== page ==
THE University has won a major award for the way it transfers knowledge to industry.
A Knowledge Transfer Partnership with international security firm ATG Access® earned the 'Business Leader of Tomorrow' award for research associate Lucy Foster.
Lucy, a graduate of the Business School, was judged the outstanding researcher placed by a university in a business ahead of hundreds of competitors.
Judged by a panel of CEOs, the award acknowledges the contribution made by Lucy and the University to the company's success over the past 18 months.
The KTP is one of eight currently conducted through the Knowledge Exchange team under Mark Ratcliffe and the first one in our history to win this major annual award.
Lucy, a first class honours graduate in Marketing Management worked with the Haydock-based business under the supervision of Dr Catherine Ashworth, to bring the latest marketing thinking to the company.
Glenn Cooper, President of ATG Access®, said: “The positive impact of the “new eyes” of both Lucy and Catherine has already led to significant improvements in marketing practice and strategy development at the firm.
“Having academic insight to review the business processes at each planning stage along with the embedding of a more formal structure is of great benefit to a fast developing and growing business like ours. We are now looking at using other resources from MMU to make improvements in wider areas of the business, such as projects management and R&D and engineering.”
Lucy, 26, from Dorset, completed her 18-month attachment at the firm in October in parallel with an MSc in Marketing and has now taken up a full-time post with the company.
She said: “I left university with three career wishes and my involvement with the KTP has helped me to achieve them all.
“I wanted to find a position with a good salary, to find someone who would fund my Masters and somewhere which would enable me to stay in Manchester.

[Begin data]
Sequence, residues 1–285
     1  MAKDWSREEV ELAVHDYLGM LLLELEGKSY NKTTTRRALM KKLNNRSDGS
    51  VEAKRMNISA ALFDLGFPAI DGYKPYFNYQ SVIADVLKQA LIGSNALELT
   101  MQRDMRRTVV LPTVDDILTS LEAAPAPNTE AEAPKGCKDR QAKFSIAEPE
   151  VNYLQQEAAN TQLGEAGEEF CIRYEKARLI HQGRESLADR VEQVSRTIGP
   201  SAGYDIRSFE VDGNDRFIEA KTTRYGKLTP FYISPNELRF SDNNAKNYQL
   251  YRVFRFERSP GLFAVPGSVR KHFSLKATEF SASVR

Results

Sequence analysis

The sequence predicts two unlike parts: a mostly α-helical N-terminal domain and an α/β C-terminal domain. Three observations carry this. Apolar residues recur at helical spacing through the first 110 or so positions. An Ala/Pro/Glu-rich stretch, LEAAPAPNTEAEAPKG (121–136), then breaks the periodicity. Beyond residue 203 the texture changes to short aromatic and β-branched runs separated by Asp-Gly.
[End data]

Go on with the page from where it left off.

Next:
Through the KTP all the partners benefit. The university gets a 'live' project to work on, the business gets a valuable employee and the 'Associate' is able to get to grips with a clear plan of work.
“Working in a commercial environment and conducting research which is of use to the business and the university has made the experience all the more worthwhile.
Fujitsu, BBC ...
And she says: “Working in a small business which has grown over 75 per cent in the last year has provided so many exciting opportunities which I'm sure I wouldn't have experienced in a larger organisation.
Lucy was nominated for the award by the ATG Access management board and her MMU supervisor and was interviewed by a panel comprising a director at Fujitsu, the leader of the BBC's digital marketing strategy and the head of the KTP initiative in the UK.
ATG has grown by 70 per cent over the last year and has now become one of the world's leading suppliers of high security bollards and barriers.
Each KTP is worth £100k to the University and works by employing a high-calibre graduate in a business to help address a specific needs-based project, with an academic institution acting as a ‘knowledge base’ to support the project’s development.
With more than 600 running nationally, Manchester Metropolitan University is involved with 8 – four in Science &Engineering, two in the Business School, one at Hollings and one at Cheshire.